Most solutions proposed for improving one or more of the foregoing attributes often result in degradation of other attributes. Accordingly, efforts continue to develop solutions to improving most, if not all, of the foregoing attributes without degradation of other attributes.
In accordance with the present invention, one or more reactive color inks are printed under and/or over black text and graphics areas. That is to say, a text or graphics area is first defined. Then, three different inks are applied to this area in various amounts in the following order: color, black, color. The use of under-and/or over-printing of black text and/or graphics by reactive color inks improves many important characteristics of inkjet printing. Specifically, improvements include, but are not limited to the following:
(1) Drytime: Printing the color ink underneath the black ink allows for faster black ink penetration into the substrate, thereby reducing the time to obtain dry areas of black ink. As a result of the faster dry time, throughput can be increased significantly without compromising finger smudge or blotting performance.
(2) Smudgefastness: This characteristic is related to the drytime of the ink. This is in reference to the amount of ink that is transferred when a user touches the printed area shortly after printing. An ink with a long drytime requires that the user wait for the ink vehicle to either absorb into the substrate or evaporate before handling the printout. Under/over printing shortens the drytime of the ink which allows a user to manipulate the printed pages sooner with a lower chance of smudging the printed page.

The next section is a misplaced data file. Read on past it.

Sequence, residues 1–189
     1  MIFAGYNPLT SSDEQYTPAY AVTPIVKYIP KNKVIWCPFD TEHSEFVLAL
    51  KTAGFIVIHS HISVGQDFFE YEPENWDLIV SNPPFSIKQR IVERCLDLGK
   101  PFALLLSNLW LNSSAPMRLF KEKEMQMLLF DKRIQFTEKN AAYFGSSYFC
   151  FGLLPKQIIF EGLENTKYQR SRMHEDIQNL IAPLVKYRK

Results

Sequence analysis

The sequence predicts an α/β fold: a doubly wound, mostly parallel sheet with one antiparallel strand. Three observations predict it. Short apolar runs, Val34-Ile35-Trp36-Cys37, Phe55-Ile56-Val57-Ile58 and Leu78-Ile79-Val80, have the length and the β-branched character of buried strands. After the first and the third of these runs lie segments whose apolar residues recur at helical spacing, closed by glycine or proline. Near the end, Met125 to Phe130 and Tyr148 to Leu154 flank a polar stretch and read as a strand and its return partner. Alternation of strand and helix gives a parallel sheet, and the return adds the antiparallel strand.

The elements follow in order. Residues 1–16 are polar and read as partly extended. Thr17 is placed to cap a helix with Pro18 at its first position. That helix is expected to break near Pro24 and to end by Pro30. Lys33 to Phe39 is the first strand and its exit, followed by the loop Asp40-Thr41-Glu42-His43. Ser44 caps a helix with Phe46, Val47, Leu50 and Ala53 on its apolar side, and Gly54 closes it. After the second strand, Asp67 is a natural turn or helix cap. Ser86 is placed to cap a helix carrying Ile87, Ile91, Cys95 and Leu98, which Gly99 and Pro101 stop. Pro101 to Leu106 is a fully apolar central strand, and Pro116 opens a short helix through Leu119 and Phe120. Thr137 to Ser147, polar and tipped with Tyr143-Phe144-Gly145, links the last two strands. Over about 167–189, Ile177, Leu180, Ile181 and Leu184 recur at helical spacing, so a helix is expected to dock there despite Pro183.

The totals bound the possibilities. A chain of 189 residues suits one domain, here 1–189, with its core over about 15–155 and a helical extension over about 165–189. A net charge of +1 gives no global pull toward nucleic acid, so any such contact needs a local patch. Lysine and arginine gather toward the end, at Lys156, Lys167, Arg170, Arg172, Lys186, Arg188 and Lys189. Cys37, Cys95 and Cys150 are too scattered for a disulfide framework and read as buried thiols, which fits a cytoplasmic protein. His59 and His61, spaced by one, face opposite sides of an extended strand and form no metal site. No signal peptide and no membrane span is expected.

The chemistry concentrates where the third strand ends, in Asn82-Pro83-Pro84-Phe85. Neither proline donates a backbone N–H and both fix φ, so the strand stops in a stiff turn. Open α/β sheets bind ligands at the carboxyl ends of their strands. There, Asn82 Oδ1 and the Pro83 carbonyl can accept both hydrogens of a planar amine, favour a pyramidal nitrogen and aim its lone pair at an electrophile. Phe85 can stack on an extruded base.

(3) Media Independence/Image Quality: Under/over printing can also enhance the quality of the printed image and black optical density. One disadvantage of inkjet printing is in that it can be very media sensitive. Certain papers react differently to inks due to variations in density, materials, fillers, and physical properties of the paper. These characteristics affect the rate of ink penetration and may be highly varied between paper types and even within a single sheet of paper. Some papers have a slow absorption rate, and the ink vehicle tends to remain on the paper surface until most of it has evaporated. Some papers cause the ink to penetrate unevenly into the page, resulting in a black area fill which appears nonuniform. Other papers tend to absorb ink quickly, leaving less for surface evaporation and resulting in low optical density. Under/over printing allows a more uniform and higher optical density area coverage across a wider paper set. Typically pigmented black inks containing relatively low surfactant levels and low organic contents have difficulty “wetting” paper surfaces. While these formulations may be necessary to obtain superior print quality, this can result in both slower dry times and nonuniform performance over even relatively small areas. The color ink used to underprint the black ink “wets” the page more effectively, allowing the black ink vehicle to absorb into the paper more quickly. At the same time, reactants in the color ink cause the black pigment particles to quickly destabilize or precipitate on the surface of the page. By keeping a higher percentage of the pigment particles on the surface of the paper, the black image is more uniform, more consistent, and has a higher optical density. At the same time, prewetting the paper surface allows for a faster dry time with all of the related benefits.